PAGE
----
Reykjavík, located on the Western coast of Iceland, is a stunning seaside town with serious city vibes. You can take a drive on the breathtaking Golden Circle and soak in natural hot springs, then return downtown for the best in Icelandic and international cuisine. September is the off-season, which means cheaper rates and the chance to tour natural wonders before the roads close for winter. Book a Northern Lights tour just outside of town, then head back in time for the Reykjavík International Film Festival, which also happens in September.
September is springtime in Australia, which means the weather is warmer, and the peak tourist season is still months away. Head to New South Wales for Sydney Contemporary, the country's largest and most diverse gathering of art institutions showcasing the best in contemporary art. The Sydney Fringe Festival is geared more toward local independent artists, while the Sydney Running Festival is for endurance athletes. Rent a car and spend a few days in Bowral for the Tulip Time Festival, one of Australia's oldest celebrations.
Sometimes, a humbling trek in the great outdoors is necessary to appreciate everyday beauty. Gaze at the warming colors of fall foliage while on a mountain hike, or observe hundreds of bird species at the surrounding wetlands and national parks. Browse the seasonal markets and indulge in delicious, fresh local produce. Arrive during Labor Day weekend for the Québec City Pride Festival, a social and artistic celebration of LGBTQ+ rights and culture. Stay for the Québec City Film Festival, which premieres films from all over the world.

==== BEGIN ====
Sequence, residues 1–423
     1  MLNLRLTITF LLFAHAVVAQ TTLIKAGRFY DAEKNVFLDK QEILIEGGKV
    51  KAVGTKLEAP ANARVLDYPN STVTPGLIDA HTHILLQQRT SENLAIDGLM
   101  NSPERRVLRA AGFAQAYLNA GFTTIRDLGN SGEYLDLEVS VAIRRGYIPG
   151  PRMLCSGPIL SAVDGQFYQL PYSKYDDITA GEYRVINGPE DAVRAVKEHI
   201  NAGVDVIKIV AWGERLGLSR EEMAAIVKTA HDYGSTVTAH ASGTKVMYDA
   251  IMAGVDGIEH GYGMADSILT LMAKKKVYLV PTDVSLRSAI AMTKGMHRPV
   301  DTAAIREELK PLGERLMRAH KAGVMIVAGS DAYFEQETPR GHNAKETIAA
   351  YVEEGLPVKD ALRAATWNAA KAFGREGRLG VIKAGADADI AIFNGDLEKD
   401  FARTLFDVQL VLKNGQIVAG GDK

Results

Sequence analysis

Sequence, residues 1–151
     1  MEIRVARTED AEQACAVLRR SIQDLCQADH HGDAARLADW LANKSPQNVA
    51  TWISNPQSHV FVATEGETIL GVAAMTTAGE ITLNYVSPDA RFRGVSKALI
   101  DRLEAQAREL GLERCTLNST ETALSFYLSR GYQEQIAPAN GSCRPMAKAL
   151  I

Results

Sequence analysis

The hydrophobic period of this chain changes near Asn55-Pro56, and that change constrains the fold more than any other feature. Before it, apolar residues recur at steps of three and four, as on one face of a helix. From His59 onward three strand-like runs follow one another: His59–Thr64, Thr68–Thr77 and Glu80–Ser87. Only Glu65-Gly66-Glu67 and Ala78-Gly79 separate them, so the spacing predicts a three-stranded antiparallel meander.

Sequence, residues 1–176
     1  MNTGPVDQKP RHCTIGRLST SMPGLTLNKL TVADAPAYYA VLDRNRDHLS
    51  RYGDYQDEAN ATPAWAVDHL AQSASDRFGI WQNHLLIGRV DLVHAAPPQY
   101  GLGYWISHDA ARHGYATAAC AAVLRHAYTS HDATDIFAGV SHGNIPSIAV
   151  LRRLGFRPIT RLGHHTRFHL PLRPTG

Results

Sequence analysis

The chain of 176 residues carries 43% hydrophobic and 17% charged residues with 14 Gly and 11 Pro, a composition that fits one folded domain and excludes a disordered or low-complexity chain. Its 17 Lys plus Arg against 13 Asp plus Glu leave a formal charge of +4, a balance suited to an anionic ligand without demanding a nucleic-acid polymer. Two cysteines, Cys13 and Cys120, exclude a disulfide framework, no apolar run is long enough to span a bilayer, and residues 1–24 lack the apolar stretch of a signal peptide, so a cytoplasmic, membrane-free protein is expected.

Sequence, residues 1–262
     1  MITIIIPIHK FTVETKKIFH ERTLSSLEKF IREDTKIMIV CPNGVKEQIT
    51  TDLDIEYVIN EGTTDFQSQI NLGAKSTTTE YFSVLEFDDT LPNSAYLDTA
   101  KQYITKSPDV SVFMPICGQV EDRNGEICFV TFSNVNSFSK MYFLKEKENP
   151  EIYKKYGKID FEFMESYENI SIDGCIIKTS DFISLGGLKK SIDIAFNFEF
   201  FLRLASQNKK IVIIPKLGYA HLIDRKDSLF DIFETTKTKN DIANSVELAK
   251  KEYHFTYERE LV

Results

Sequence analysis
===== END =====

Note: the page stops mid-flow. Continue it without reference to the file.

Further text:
Life on the Greek Islands begins returning to normal in mid-September. Sea temperatures are still warm enough for swimming or scuba diving, and the postcard-perfect beaches and villages are much quieter. Round out the summer at events like the Wine and Cultural Festival in Karystos or the International Animation Festival in Syros. Smaller islands like Milos and Naxos are relaxing getaways despite the shortage of tourist activities. Island-hoppers don't even have to choose between visiting ruins and historic buildings, hiking gorgeous mountainsides, and sunbathing on pristine beaches.